What were the emerging trends and hot topics emerging from the week in Cannes, where technology and innovation were hard to miss?
Tech emerges from underground
Propel Station gave the proptech a massive space at the heart of MIPIM in the Palais – albeit in the basement, or bunker as it’s dubbed. Startups were clear about the implication: that while interest in innovation is clearly growing, there is still a separation between tech and real estate. Despite this, some of the industry’s innovators have started spreading out into the wider conference. Regional stands such as London hosted notable property innovation startups, and the Dutch Futureproof Real Estate Pavilion was hard to miss right on the Croisette – above ground. Could we see even more integration next year? At least tech was in the main show, not a separate proptech event in Paris as in previous years.
Mind the ESG gap
Developers are designing net zero buildings, but there were more questions around what that means in practice. Often it means that the building, under ideal conditions, can be efficient. But what if your occupier simply doesn’t operate it efficiently? The industry needs to figure out how to measure and report operational efficiency across the sector – and the impression was that it has not yet done so consistently. For now there remains an ‘ESG gap’ between what is said and what is done. It’s where tech was a few years ago – ‘our number one priority’, without the evidence and action to back it up beyond the marketing strapline.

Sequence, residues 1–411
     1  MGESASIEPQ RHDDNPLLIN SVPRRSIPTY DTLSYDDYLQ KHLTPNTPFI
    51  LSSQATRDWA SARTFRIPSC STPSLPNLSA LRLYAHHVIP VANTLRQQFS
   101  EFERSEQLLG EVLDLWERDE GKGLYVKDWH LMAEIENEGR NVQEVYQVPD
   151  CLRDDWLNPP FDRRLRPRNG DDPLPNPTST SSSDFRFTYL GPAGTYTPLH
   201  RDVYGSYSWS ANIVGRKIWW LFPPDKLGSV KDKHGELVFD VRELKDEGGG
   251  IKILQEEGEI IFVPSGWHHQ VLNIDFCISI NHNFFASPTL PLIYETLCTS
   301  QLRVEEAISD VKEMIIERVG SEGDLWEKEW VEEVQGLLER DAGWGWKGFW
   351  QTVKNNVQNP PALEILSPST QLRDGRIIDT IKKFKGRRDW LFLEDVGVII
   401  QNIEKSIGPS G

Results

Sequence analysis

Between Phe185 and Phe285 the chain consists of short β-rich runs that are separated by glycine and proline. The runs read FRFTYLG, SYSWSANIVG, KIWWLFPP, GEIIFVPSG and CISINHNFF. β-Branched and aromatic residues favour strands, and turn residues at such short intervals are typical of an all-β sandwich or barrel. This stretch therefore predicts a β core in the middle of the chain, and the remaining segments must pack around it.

Discussions around tech tend to focus on “solutions”: solutions to carbon emissions, or understanding tenant behaviour or automating manual processes… There’s also a growing recognition that those solutions aren’t risk-free. Cyber security threats, for example, are increasingly common – one investor brought up a story about a casino getting hacked through its smart fish tank. Thoughts around other risks were also brought up, especially around data privacy regulations, climate risk and stranded buildings that are less green and no-one will buy. If GDPR requires transparency, are smart building landlords aware of their obligations to tenants or visitors, or the legal risks of not making their data collection clear? How do underwriters gauge risk in buildings not designed for changing climate?
Privacy v sustainability
Another GDPR-related question was the tension between reasonable expectations of privacy and sustainability. Widespread data gathering can help owners and occupiers make their buildings more efficient. However, doing so also means tracking people increasingly closely. Investors with residential portfolios are especially limited in what tech and sensors they can install, making their net zero targets that much harder to achieve. What’s the solution? No obvious answers emerged, but we could see some form of incentives or regulatory change to push both landlords and tenants towards sustainability.
There are some seriously smart software houses such as NavigatorCRE emerging that can save – and make – millions for investors and developers but they face a recurring problem – the investors and developers’ own internal efforts to build their own software has resulted in nothing except wasted time and money and a tech fatigue that puts them off further efforts. Building software in-house, going round and round in circles with no goal no strategy on things that are never launched and never see the light of day and are then mothballed is painful business. The biggest competitor for software vendors is property companies themselves. Typically in-house solutions end up clunky and ugly to use – “it’s engineered not designed, which never works,” as one data analytics provider put it.